Local teacher to present Holocaust lessons in Cambodia

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By Chris Bavender

When Kelly Watson began teaching in the mid-90’s, she realized she was “woefully unprepared” to answer students’ questions about the Holocaust when she was asked to teach Elie Wiesel’s “Night.”

Watson

Watson

“The only Holocaust-specific learning I remembered was reading Anne Frank’s diary and watching the mini-series ‘The Holocaust’ in middle school. So I looked for any professional development, but at that time Indiana had none to offer,” said Watson, an eighth grade teacher at Fishers Junior High. “I applied and was accepted to the Belfer National Conference for Educators at the United States Holocaust Memorial Museum. This, combined with meeting my first Holocaust survivor, Mike Vogel, led me to a fellowship and eventually being a part of the Regional Education Corps at USHMM, as well as speaking for the Indianapolis Bureau of Jewish Education and writing curriculum for the USC Shoah Foundation.”

Watson, who serves as an educational program director for the Educators’ Institute for Human Rights, will take her expertise to Cambodia Oct. 10 to Oct. 14 to present at a training for 100 Cambodian teachers on the history and guidelines for teaching about the Holocaust. She’s worked two years to create the partnership.

“I was looking for other places in the world that have seen conflict, since we had already strong programs in Kigali and now Bosnia and soon Iraq,” she said. “It is essential that teachers, some of whom are survivors and children of survivors themselves, feel supported and a part of a network that understands what it means, for example, to have children or grandchildren of perpetrators in their classroom.”

Watson said she believes it’s important to train others how to teach about the Holocaust because teachers influence generations and inspire students who go on to change the world.

“When you study the Holocaust or any genocide, you see what happens when people remain silent in the face of the suffering of others,” she said. “You see what happens when we think of someone as ‘them’ and not as an individual to be valued, so it makes prejudice, stereotyping  and discrimination acceptable. You see how fragile democracy can be and that we must continue to be engaged citizens as the Holocaust occurred only because individuals, organizations and governments passed laws allowing for discrimination and eventually genocide to be legal. We can make this world a better place, but only if we work together.”

Share.

Local teacher to present Holocaust lessons in Cambodia

0

By Chris Bavender

When Kelly Watson began teaching in the mid-90’s, she realized she was “woefully unprepared” to answer students’ questions about the Holocaust when she was asked to teach Elie Wiesel’s “Night.”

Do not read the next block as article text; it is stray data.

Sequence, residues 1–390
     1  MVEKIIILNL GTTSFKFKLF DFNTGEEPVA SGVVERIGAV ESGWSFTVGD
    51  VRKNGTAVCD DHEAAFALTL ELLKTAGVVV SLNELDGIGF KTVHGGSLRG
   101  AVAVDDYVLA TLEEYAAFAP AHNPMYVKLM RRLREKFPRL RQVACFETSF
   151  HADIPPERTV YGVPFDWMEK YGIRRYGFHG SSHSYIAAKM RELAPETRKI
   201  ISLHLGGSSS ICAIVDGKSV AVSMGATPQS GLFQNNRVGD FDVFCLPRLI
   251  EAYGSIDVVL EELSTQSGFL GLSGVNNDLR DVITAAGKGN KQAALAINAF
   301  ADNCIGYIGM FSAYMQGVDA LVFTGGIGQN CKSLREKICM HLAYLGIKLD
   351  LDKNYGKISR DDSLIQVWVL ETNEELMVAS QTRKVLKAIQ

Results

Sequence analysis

Watson

Watson

“The only Holocaust-specific learning I remembered was reading Anne Frank’s diary and watching the mini-series ‘The Holocaust’ in middle school. So I looked for any professional development, but at that time Indiana had none to offer,” said Watson, an eighth grade teacher at Fishers Junior High. “I applied and was accepted to the Belfer National Conference for Educators at the United States Holocaust Memorial Museum. This, combined with meeting my first Holocaust survivor, Mike Vogel, led me to a fellowship and eventually being a part of the Regional Education Corps at USHMM, as well as speaking for the Indianapolis Bureau of Jewish Education and writing curriculum for the USC Shoah Foundation.”

Watson, who serves as an educational program director for the Educators’ Institute for Human Rights, will take her expertise to Cambodia Oct. 10 to Oct. 14 to present at a training for 100 Cambodian teachers on the history and guidelines for teaching about the Holocaust. She’s worked two years to create the partnership.

“I was looking for other places in the world that have seen conflict, since we had already strong programs in Kigali and now Bosnia and soon Iraq,” she said. “It is essential that teachers, some of whom are survivors and children of survivors themselves, feel supported and a part of a network that understands what it means, for example, to have children or grandchildren of perpetrators in their classroom.”

Watson said she believes it’s important to train others how to teach about the Holocaust because teachers influence generations and inspire students who go on to change the world.

“When you study the Holocaust or any genocide, you see what happens when people remain silent in the face of the suffering of others,” she said. “You see what happens when we think of someone as ‘them’ and not as an individual to be valued, so it makes prejudice, stereotyping  and discrimination acceptable. You see how fragile democracy can be and that we must continue to be engaged citizens as the Holocaust occurred only because individuals, organizations and governments passed laws allowing for discrimination and eventually genocide to be legal. We can make this world a better place, but only if we work together.”

Share.